# Why does a floating capacitor act differently than a grounded capacitor?

I'm having difficulty understanding why a floating capacitor will store less charge than a grounded capacitor. Imagine you have two parallel plates and a low DC voltage source like 5V, with the negative side connected to neutral ground, and that you have two different ways of wiring it:

In case 1, you connect one side of the voltage source to each plate to make a normal capacitor. The voltage across the capacitor is given by $$Q = C V$$ is given by the geometry of the plates.

In case 2, you still connect one plate to +5V, but leave the other plate floating and neutral. According to my understanding, charge should still build up on the positive side of the capacitor because it's at the same potential relative to the other plate as case 1, and it has the same geometry. On the negative plate, negative charge should be locally attracted to the positive plate, leaving behind positives, overall keeping the plate neutral.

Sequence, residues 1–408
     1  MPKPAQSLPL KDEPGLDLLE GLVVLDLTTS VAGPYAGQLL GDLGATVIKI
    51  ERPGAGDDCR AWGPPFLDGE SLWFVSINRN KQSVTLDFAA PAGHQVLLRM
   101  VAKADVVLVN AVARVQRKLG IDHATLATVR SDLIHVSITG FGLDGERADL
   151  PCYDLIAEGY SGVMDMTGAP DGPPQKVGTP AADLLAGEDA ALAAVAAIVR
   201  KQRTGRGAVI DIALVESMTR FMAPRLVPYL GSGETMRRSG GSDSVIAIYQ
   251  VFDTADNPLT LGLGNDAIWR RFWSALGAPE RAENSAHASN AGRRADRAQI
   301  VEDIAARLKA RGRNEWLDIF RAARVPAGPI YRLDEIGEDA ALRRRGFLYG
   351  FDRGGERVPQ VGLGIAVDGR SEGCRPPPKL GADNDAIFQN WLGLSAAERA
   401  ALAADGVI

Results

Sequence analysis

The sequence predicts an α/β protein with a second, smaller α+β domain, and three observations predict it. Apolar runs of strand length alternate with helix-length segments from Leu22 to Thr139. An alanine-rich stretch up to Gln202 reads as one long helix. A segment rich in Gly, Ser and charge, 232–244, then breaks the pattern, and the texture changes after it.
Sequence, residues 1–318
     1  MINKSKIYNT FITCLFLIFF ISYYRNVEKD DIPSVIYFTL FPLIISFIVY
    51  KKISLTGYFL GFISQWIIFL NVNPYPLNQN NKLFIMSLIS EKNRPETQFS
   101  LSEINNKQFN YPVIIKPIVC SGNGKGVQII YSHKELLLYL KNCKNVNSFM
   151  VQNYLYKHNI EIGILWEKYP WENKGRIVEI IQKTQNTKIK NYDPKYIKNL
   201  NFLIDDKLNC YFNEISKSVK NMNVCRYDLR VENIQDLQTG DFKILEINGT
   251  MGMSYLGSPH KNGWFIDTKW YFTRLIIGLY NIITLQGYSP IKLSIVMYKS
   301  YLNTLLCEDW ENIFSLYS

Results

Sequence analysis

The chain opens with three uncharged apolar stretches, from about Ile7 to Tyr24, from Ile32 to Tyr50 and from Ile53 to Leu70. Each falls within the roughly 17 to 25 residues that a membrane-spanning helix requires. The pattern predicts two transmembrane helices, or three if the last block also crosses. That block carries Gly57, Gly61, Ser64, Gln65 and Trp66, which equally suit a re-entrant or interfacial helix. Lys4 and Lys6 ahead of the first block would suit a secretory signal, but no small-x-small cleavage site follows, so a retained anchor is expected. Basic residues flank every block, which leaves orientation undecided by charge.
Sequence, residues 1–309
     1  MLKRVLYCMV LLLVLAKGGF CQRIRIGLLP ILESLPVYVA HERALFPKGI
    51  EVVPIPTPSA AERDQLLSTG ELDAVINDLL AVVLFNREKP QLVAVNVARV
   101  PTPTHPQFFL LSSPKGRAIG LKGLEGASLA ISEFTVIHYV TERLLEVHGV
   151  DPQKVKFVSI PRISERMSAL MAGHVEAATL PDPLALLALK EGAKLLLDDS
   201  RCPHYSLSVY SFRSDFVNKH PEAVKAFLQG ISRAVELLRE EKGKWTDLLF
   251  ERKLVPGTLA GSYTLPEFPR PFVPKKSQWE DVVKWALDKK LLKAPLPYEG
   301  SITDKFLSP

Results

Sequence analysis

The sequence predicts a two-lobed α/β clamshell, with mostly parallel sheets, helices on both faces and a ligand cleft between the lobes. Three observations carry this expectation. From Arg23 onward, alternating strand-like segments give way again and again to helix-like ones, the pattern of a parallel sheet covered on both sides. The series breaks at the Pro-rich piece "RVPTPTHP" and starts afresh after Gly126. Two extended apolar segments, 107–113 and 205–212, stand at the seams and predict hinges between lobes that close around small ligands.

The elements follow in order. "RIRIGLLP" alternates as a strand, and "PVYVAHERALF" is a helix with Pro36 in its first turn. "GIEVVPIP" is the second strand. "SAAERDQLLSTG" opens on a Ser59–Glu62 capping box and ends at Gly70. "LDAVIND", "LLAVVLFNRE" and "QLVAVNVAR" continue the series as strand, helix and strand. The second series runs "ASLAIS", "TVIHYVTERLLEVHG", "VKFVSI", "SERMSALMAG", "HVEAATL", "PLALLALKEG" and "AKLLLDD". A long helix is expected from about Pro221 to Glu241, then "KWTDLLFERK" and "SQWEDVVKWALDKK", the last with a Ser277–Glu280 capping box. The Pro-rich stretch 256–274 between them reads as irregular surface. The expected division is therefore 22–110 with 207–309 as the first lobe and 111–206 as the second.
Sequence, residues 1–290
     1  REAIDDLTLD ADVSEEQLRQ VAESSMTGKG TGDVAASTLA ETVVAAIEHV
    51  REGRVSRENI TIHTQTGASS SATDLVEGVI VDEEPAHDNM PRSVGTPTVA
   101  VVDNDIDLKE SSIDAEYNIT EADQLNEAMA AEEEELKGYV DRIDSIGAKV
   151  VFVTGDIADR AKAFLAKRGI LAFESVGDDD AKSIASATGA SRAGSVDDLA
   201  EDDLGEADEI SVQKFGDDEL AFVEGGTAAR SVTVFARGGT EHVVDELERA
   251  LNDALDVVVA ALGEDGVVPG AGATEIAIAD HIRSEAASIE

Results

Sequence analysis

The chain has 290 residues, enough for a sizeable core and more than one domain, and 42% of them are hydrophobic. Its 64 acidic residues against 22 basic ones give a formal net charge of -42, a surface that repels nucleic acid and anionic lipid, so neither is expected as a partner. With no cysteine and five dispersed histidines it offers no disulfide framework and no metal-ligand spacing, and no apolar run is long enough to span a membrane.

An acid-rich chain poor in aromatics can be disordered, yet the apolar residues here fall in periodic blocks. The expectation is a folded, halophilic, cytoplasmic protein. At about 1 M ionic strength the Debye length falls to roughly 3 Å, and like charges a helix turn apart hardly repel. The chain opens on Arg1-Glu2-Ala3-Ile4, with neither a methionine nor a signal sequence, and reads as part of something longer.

Practically, I'm pretty sure case 2 is wrong. What I think will happen is a miniscule amount of surface charge will be stored in the positive wire to maintain the electric field, but that charge will be way less than the stored charge of case 1. Can you explain where my understanding is wrong/not deep enough?